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Meet Erewash Voluntary Action development
 worker Jo Hallam who is leading the way on setting up community connectors across our area. The connectors form a vital part of our link-up with the voluntary sector to forge closer relationships with local people.

Community connectors are local people who will use their local knowledge and involvement to connect people across the area to other local people, services, activities and groups. The programme recognises the fact that local people living and working in Erewash know the community better than statutory services do, and are often the best people to help others.

A network of connectors will be led by the people of Erewash, adopting a person-centred approach to improving health and wellbeing. They will identify strengths, potentials and opportunities (assets) that already exist in the local community. By gathering the views of local people, they
will establish what is important
to people in their community, identify changes they would like
to see and what would help to make those changes.

Erewash Voluntary Action development
worker Jo Hallam has been appointed to support connectors who want to enhance and strengthen their involvement in their community. Connectors may be actively involved in a local group, regularly come into contact with local people or may already be supporting others and linking them to resources of some kind.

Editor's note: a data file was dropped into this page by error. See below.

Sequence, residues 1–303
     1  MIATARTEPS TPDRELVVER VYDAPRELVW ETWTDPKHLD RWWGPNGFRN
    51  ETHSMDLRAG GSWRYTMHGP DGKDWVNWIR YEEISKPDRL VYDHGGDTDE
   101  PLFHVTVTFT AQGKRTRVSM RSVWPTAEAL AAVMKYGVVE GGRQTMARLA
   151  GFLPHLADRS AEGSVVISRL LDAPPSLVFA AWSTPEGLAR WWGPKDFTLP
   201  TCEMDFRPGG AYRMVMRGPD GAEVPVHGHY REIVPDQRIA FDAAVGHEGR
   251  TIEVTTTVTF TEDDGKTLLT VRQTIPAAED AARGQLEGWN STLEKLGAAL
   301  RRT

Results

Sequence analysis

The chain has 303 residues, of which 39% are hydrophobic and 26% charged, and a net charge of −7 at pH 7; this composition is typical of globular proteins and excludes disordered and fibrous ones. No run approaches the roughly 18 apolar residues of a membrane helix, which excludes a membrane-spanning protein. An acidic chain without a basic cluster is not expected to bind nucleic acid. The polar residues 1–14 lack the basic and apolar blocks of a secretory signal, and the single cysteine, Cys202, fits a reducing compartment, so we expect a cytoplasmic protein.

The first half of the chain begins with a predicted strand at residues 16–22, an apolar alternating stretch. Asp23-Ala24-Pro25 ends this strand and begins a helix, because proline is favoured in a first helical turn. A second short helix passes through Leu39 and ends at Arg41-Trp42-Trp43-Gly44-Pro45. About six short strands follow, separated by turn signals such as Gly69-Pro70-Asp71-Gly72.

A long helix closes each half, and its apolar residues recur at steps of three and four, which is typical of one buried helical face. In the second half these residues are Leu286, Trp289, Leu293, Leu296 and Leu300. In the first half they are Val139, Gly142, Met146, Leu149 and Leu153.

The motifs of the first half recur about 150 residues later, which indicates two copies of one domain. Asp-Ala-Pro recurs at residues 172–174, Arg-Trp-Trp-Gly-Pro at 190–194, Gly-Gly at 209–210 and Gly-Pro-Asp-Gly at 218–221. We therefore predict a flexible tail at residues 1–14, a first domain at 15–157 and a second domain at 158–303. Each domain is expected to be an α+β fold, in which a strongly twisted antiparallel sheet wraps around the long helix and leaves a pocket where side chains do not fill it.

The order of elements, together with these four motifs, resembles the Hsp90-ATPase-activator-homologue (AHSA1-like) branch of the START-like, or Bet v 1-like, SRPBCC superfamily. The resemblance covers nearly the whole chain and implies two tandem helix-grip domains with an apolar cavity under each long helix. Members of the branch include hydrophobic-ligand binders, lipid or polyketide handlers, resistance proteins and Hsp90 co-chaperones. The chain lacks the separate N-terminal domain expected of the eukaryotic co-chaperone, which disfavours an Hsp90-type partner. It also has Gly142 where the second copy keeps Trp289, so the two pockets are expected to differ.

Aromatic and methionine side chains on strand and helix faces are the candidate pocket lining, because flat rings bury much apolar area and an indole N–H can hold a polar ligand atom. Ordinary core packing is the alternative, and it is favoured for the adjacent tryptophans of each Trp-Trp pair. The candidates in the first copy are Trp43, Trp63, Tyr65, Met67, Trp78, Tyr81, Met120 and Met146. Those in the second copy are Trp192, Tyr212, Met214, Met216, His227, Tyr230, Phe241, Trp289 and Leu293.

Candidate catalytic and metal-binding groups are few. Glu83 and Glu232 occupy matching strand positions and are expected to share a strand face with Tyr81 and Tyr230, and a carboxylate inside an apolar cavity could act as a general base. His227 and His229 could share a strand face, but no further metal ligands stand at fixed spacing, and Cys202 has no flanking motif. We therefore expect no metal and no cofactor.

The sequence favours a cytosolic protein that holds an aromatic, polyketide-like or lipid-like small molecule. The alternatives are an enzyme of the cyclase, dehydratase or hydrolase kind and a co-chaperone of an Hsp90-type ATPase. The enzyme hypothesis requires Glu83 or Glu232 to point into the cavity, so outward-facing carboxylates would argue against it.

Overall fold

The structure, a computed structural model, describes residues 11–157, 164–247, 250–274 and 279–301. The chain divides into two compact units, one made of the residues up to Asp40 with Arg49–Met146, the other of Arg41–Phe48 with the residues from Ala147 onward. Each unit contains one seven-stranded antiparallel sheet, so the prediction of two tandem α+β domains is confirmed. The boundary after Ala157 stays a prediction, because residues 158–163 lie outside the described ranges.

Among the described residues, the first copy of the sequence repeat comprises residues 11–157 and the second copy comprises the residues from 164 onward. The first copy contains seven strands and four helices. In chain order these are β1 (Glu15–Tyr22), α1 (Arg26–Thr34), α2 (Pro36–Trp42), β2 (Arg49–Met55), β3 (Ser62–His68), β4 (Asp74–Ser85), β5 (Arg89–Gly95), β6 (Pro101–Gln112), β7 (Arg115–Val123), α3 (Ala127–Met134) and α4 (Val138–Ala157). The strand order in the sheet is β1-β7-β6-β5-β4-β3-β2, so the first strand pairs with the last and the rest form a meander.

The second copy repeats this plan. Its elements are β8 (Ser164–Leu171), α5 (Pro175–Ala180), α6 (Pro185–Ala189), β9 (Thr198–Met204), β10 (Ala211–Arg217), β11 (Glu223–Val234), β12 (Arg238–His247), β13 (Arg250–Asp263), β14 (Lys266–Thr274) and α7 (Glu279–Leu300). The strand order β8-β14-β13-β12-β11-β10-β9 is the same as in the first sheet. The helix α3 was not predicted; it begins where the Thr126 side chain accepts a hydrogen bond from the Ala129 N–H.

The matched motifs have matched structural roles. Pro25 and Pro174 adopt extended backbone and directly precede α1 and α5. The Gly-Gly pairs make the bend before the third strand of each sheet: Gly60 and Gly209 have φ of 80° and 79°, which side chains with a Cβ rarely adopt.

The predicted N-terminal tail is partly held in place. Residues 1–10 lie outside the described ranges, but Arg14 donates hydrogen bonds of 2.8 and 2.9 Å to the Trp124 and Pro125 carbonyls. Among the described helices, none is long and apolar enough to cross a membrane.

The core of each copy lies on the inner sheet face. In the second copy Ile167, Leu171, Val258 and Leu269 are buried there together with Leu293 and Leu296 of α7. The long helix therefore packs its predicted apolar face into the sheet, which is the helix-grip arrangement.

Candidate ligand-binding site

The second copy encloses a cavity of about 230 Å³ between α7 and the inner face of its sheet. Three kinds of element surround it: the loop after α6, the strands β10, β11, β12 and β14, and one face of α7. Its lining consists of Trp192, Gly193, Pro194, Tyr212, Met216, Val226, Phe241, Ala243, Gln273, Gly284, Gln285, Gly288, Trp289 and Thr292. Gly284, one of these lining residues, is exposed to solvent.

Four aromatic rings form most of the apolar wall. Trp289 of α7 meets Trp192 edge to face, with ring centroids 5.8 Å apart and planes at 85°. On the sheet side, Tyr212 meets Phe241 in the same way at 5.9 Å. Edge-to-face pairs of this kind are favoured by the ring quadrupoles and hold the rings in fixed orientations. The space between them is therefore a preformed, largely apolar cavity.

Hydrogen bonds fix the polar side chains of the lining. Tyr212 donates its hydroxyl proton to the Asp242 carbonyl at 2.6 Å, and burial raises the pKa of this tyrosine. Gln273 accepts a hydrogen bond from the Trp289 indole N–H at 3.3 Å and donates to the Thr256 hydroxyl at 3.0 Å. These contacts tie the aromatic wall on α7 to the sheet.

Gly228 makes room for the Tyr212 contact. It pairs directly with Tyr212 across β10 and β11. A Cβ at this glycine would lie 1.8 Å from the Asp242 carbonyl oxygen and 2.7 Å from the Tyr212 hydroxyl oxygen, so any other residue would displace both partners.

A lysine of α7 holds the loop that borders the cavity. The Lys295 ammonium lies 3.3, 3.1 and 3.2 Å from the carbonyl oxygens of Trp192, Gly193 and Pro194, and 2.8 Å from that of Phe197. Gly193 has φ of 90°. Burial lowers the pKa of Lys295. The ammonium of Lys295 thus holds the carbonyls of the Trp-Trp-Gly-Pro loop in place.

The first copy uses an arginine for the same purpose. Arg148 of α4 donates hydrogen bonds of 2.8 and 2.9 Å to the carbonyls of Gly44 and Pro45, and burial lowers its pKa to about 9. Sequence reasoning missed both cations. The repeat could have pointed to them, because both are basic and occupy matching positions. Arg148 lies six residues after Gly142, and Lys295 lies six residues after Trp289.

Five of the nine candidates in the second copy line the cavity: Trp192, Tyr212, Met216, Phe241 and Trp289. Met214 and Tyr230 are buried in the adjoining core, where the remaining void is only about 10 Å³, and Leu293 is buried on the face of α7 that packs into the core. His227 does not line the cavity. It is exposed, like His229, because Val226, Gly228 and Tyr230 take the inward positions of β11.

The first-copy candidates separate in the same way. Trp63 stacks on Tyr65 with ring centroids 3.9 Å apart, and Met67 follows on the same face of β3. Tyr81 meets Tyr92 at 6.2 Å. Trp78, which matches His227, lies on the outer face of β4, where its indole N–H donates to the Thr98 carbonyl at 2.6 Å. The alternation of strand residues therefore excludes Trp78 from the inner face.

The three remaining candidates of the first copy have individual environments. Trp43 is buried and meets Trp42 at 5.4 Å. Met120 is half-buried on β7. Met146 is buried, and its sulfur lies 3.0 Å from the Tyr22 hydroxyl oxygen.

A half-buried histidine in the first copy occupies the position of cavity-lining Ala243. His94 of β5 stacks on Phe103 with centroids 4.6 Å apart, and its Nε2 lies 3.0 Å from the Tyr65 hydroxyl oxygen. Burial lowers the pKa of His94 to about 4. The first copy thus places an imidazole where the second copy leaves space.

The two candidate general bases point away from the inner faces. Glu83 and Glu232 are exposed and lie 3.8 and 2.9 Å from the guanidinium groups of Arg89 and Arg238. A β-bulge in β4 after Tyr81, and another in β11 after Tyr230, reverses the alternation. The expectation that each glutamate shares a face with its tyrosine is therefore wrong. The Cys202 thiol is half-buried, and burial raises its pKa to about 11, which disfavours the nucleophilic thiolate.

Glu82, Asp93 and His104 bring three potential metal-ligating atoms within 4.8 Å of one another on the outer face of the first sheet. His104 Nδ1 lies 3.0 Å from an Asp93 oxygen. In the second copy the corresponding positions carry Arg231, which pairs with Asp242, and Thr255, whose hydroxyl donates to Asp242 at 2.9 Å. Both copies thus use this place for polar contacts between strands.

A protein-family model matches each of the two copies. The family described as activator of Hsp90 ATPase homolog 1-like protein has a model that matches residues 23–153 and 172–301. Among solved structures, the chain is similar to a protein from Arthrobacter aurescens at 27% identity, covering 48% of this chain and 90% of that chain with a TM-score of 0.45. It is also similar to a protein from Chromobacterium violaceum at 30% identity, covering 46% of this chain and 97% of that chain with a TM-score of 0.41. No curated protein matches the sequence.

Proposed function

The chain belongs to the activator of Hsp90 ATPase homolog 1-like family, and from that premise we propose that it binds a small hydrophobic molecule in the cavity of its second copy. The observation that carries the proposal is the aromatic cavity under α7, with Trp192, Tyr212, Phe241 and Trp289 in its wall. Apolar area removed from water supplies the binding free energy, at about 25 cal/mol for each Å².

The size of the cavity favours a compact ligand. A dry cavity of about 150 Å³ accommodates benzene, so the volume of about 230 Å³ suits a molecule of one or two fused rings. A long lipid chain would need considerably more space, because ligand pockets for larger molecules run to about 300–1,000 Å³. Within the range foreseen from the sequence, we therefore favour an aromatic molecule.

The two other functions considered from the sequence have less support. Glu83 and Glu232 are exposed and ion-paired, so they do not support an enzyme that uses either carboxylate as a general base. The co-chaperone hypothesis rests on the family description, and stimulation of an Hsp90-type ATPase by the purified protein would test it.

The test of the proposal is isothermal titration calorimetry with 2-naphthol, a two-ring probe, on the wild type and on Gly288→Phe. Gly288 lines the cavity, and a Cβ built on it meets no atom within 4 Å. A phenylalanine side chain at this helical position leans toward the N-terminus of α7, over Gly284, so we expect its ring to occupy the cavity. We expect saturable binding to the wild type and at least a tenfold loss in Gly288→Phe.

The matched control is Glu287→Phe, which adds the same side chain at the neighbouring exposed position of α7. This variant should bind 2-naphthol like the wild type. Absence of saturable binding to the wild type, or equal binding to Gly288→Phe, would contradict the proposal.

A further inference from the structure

Jo said: “The project’s role is to sign people up as connectors and to gather and share information among local people and local organisations. We’ll
be finding out what people don’t know about local facilities and services and finding out what they’d like to do.

“It’s about improving the connections and understanding in the local community. It could be, for example, that someone visits their local hairdresser and mentions that their husband has recently been diagnosed with Parkinson’s Disease. It’s about not leaving those conversations there, so if we have
been able to engage with local hairdressers, we can get them to move the conversations on a little bit and check whether the person is receiving relevant information and support.

“Part of my role will also be about working with targeted communities, supermarkets, libraries, and GP surgeries, and working out what services are out there and how can some people who might be isolated or lonely for example better access the support.”

Connectors will receive regular ongoing support from Jo Hallam – this will include one-to-ones and peer support meetings. They will receive training
to enhance their existing knowledge and develop new skills. Agreed out-of-pocket expenses will also be paid.

Jo has not long been in post but is pleased with the early progress made: “I’m from a voluntary sector background and worked with a previous organisation, Home Start in Erewash, so I knew the people here at the Erewash Voluntary Action and that’s helped a lot.

“I have high hopes for the project. I hope that by getting connectors out there that we can start to
see some real differences, we can start to see people engaged in the community that wouldn’t have been previously and I’d like to see it happen quite quickly. I’d like to see that the information gets spread out. One of the early conversations I’ve had is about working with the bigger organisations talking about how they spread out information as well and about how they connect with their service users. We need as many people and organisations as possible to be a part of this.”

If you would like to know more about community connectors, please contact Jo Hallam on
0115 946 6740 or email This email address is being protected from spambots. You need JavaScript enabled to view it. 

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